In 1989 Ambros established that lin-4 acts as a repressor of lin-14 activity. How lin-4 achieved this repression, however, was not known. In 1991, it was Ruvkun who established that genetic anomalies in lin-14's sequencespecifically in an area of the gene called the 3' untranslated region (3' UTR)were associated with excess production of the lin-14 protein produced from the messenger RNA that lin-4 targets.
A year later, Ambros successfully isolated and cloned lin-4. To his surprise, Ambros found that the gene's product was not a standard regulatory protein as he had expected, but a tiny non-protein-coding strand of RNA about 22 nucleotides long that is conserved in other nematode species.
Working together, Ambros and Ruvkun compared the lin-4 and lin-14 sequences and discovered that the 22-nucleotide lin-4 RNA and the 3' UTR were partially complementary and that the short complementary regions were highly conserved in evolutionary comparisons to other nematode lin-4 and lin-14 genes. They hypothesized that lin-4 RNA regulated lin-14 by binding to its 3' UTR sequences. Ruvkun then showed that lin-4 controlled the translation of the lin-14 mRNA into protein and it was through this channel that lin-4 achieved repression of lin-14.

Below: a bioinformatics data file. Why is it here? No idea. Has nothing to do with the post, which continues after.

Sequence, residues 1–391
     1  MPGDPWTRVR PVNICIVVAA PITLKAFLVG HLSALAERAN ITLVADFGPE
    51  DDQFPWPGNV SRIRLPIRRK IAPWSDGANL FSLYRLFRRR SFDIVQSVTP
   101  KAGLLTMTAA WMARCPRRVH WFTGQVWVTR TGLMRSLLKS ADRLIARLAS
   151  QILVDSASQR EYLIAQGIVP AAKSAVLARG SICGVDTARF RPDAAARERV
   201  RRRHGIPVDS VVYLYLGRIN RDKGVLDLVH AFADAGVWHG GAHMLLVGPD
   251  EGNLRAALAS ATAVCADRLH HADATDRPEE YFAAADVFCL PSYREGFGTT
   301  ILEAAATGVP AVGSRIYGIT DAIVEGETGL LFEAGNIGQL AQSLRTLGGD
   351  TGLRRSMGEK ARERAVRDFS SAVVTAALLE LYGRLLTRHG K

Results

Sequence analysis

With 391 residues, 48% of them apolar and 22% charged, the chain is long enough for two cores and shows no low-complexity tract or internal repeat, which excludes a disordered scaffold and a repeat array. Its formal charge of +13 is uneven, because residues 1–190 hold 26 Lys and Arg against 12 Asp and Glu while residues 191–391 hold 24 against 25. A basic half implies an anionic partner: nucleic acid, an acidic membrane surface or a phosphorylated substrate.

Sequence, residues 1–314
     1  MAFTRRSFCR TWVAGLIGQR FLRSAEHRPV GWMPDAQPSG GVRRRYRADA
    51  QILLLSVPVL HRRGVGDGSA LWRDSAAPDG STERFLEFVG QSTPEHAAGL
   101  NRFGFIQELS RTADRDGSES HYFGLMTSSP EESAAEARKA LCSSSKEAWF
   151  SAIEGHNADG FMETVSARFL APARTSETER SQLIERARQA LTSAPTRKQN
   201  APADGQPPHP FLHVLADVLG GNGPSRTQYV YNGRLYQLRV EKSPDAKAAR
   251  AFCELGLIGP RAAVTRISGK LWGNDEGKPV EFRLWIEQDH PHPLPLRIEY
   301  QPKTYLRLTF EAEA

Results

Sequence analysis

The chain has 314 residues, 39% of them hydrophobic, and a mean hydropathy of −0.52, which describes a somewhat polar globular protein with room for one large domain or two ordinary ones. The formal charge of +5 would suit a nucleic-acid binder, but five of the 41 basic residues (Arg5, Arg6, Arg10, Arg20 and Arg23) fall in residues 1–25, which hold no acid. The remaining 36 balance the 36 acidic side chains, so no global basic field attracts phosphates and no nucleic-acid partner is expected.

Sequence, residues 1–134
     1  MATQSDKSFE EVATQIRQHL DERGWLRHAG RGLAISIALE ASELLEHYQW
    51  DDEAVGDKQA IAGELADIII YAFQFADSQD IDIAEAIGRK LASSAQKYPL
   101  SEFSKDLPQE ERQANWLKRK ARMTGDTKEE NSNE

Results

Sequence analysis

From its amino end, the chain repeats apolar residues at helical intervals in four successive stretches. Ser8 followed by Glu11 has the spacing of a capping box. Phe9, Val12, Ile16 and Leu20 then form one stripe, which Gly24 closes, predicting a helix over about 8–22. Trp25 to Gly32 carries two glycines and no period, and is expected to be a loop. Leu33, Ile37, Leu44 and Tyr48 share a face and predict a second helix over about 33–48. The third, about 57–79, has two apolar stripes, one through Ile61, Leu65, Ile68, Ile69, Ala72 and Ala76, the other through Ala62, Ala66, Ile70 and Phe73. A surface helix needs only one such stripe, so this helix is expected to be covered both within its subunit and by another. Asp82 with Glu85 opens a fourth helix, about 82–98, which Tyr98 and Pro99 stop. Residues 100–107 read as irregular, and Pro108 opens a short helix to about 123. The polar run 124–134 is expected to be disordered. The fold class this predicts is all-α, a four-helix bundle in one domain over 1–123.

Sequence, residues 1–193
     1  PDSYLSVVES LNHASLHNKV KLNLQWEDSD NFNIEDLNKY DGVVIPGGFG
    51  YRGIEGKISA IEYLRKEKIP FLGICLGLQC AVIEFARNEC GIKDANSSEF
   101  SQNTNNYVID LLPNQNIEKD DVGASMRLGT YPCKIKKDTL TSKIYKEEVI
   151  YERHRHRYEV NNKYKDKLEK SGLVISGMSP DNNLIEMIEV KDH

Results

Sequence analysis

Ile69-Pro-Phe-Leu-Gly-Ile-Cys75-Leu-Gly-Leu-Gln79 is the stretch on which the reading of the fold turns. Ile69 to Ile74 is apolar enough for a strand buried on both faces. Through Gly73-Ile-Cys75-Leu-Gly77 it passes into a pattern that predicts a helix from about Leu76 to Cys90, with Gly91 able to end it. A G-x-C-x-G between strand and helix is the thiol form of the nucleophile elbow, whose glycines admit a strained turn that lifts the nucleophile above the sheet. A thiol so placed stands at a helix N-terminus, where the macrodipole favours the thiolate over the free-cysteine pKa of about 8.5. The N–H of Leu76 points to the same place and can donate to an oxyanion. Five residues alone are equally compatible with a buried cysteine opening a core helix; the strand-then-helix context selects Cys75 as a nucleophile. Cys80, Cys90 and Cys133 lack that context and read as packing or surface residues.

Ambros and Ruvkun published back-to-back studies in Cell in 1993 that described these remarkable findings. The discovery, however, seemed more an oddity than a breakthrough at the time, in part because the lin-4 gene existed only in the worm.
The broader importance of the findingsthe idea that miRNAs might play a role in gene expression in other organismswas not immediately clear. Then, in 1999, Dr. Baulcombe, a British plant biologist, reported on his own groundbreaking discovery that a similar class of RNAs is involved in a related silencing process affecting viruses, transposable element
|Contact: Jim Fessenden|
University of Massachusetts Medical School